Another factor speaking for the proposal is the promotion of agricultural goods export. As numerous sectors in quick succession reported plunging export turnovers in the past three months due to COVID-19, agricultural goods are looking at bright prospects thanks to positive export performance.
Notably, according to statistics published by the Ministry of Agriculture and Rural Development (MARD), in the first three months of this year, this sector achieved a trade surplus of $2.9 billion, up 48.9 per cent on-year. The total export-import turnover of agricultural, forestry, and aquatic products was $15.2 billion. The figure for March alone was $3.5 billion, $1.6 billion of which came from agricultural products.
Khuat Viet Hung, director of Hoi Vu Co., Ltd. – the largest gherkins and canned food producer in Vietnam – said that the pandemic contributed to boosting its exports to Russia. Particularly, after Russia closed border gates and suspended raw agricultural product imports from China, the demand for canned food began soared.
Meanwhile, according to Huy, the demand for food which strengthens the immune system such as bananas has hiked. The export opportunities are reinforced as numerous countries have suspended imports from China. Thus, the company is waiting for the support package to implement its expansion plan to meet this demand, otherwise it would have to use its equity capital.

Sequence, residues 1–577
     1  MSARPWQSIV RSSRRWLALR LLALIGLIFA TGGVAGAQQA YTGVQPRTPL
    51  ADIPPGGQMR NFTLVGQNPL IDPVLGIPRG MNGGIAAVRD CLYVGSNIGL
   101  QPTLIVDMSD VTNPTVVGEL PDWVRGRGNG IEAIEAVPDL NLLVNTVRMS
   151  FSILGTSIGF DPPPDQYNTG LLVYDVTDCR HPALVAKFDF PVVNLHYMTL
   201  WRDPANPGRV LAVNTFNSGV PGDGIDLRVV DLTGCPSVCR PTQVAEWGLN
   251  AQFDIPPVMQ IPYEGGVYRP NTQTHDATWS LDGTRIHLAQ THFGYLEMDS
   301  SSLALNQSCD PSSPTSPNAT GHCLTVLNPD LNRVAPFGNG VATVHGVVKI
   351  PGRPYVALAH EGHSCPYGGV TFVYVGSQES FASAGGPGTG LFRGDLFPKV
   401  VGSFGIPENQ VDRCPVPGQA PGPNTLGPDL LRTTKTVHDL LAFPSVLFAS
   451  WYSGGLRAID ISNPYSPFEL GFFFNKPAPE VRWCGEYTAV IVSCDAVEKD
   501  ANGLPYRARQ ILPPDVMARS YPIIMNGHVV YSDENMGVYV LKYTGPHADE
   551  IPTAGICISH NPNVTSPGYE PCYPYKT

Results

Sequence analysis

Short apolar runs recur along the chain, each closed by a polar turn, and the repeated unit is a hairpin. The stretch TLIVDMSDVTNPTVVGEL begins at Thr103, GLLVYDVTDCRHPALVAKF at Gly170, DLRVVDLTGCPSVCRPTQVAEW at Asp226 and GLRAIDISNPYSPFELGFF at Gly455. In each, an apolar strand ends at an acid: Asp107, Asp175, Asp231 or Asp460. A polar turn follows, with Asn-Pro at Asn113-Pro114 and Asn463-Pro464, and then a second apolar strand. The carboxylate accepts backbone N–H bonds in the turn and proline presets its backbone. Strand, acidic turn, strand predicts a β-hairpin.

“Agricultural businesses are in urgent need of support, thus the specifics of any upcoming credit package should be hammered out soon, determining which enterprises can enjoy the support without cumbersome inspections,” Huy said.
Nguyen Quoc Toan, director of the MARD’s Agro Processing and Market Department forecasted that even more opportunities for agricultural exports are opening up as the Chinese market is forecasted to recover in May. In addition, the United States and European markets may recover in the third quarter of this year. This necessitates agricultural companies to prepare now, not only by planting and sowing in time but by acquiring e-commerce capabilities if they wish to seize the opportunities.
Toan added that it is an ideal time to digitise the agricultural sector. “Enterprises need to co-operate with state management agencies to control the production process as well as the traceability of goods in order to meet the market demand,” Toan said. “A support package for the sector in this country would contribute to realising these plans.”